SowingSeason
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Last Active 09-02-14 9:58 pm
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Sowing's Soundtrack To 2011

Just as I did in 2010, I have compiled what I feel are the best 20 songs of the year. I was considering making this into a blog, but I already did my end-of-year summary with albums, so I didn't want to give myself two turns in that regard. Enjoy!
1M83
Hurry Up, We're Dreaming


"Midnight City": The larger-than-life electronic atmosphere drives this song to stratospheric heights. Here, the vocals are a mere accompaniment to the wide ranging synths and heavy beat - making for one of the easiest songs of the year to lose yourself in.
2Submotion Orchestra
Finest Hour


"Back Chat": The flawless marriage of jazz and electronica make for one of the smoothest, downbeat songs of 2011. The eccentric pianos and unpredictable rhythm gives it a bit of a mysterious vibe as well.
3Destroyer
Kaputt


"Chinatown": Although the album as a whole doesn't live up to the promise of this individual song (and others like it, such as the title track), "Chinatown" shows us Destroyer's wonderful ceiling. There is nothing like a melting pot of horns, electronic beats, and smoother-than-silk vocals to create a sublime feeling sure to lift your spirits no matter the time of day.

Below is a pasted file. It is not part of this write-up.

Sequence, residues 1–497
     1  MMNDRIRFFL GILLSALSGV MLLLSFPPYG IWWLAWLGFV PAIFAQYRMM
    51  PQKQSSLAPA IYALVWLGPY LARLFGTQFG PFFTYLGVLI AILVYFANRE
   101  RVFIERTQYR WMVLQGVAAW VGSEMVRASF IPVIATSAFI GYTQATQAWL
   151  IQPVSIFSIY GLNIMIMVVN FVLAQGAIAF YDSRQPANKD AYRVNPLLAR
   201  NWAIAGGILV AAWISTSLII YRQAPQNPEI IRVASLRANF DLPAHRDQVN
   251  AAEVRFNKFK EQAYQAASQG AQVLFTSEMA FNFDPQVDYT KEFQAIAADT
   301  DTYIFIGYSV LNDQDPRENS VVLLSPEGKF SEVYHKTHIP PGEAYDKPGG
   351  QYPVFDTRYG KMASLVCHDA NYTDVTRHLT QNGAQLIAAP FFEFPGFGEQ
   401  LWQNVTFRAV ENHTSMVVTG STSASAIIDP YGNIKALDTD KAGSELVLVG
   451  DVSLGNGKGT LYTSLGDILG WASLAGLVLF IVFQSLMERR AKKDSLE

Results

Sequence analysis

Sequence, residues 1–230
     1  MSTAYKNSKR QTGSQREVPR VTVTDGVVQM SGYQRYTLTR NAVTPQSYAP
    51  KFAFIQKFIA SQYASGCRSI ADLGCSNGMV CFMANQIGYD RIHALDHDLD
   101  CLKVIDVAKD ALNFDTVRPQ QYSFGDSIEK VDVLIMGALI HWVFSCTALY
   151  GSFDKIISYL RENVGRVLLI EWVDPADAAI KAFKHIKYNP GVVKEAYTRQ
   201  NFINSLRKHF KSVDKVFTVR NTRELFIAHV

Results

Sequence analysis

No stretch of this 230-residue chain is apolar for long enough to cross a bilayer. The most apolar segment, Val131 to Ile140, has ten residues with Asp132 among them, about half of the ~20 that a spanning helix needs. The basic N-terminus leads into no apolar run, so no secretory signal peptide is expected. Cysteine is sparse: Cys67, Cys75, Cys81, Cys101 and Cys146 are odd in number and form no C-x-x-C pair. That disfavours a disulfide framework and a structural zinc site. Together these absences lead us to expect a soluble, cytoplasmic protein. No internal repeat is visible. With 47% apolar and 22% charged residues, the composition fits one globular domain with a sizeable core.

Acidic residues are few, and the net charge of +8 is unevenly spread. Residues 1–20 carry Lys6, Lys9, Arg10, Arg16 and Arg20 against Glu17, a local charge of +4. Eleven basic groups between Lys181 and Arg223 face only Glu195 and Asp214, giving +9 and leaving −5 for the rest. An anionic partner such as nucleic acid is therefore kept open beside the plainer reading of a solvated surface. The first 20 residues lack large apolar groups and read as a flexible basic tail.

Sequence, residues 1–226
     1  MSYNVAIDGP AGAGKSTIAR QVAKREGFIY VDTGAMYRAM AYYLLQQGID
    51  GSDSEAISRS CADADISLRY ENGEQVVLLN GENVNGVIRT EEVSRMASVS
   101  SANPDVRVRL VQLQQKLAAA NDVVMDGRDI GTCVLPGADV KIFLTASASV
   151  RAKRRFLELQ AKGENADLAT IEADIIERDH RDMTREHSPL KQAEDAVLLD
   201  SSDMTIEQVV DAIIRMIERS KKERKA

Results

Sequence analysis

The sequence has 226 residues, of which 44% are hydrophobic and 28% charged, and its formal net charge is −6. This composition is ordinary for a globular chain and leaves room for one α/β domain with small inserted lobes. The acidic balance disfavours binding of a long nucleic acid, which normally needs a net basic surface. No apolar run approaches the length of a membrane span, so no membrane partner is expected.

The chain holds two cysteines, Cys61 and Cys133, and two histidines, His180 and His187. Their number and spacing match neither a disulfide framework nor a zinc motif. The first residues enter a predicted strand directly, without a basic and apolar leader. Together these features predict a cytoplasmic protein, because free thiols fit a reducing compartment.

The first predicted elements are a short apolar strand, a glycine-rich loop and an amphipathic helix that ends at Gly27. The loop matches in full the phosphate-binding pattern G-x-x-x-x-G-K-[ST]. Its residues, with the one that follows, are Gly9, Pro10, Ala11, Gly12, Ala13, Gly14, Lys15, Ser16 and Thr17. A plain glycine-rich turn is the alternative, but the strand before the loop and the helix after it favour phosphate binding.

4Quiet Company
We Are All Where We Belong


"You, Me, & the Boatman": Wild, frenzied, and yet somehow tidily contained, this song shows us why Quiet Company is neither quiet nor easy company, as their "primary sound" is difficult to grasp. Acting as a microcosm of the entire album, "You, Me, & the Boatman" contains a wide range of tempos and styles that are relentlessly enthralling.
5The Antlers
Burst Apart


"Parentheses": While The Antlers' latest endeavor possesses a plethora or highly regarded tracks, this is the one that stands out the most. Rocking back and forth to one of the most memorable guitar riffs of the year in alternative rock, the gentle sway of "Parentheses" will lull you into a trance all the while making you wary of the creepy keys and vocals that loom around every turn.
6Needtobreathe
The Reckoning


"Oohs and Ahhs": Their vocalist may be a little bit country, but on this song Needtobreathe is all rock n' roll. Everything from blazing electric riffs to intriguing drum fills can be found here, and the solo during the final quarter of the song should be enough to finally turn some serious attention this band's way.
7Armistice
Armistice


"Mission Bells": The liberating sound of ?Mission Bells? surges with a mariachi background and heavy string section that open the curtain to an experience completely free of restraint. It is this carefree sensation that manages to permeate all of Armistice.
8Bon Iver
Bon Iver, Bon Iver


"Holocene": More beautiful than anything from For Emma, "Holocene" stands tall as the most natural sounding song created by a folk artist this side of the millenium. Every single aspect of this is gorgeous.
9The Dodos
No Color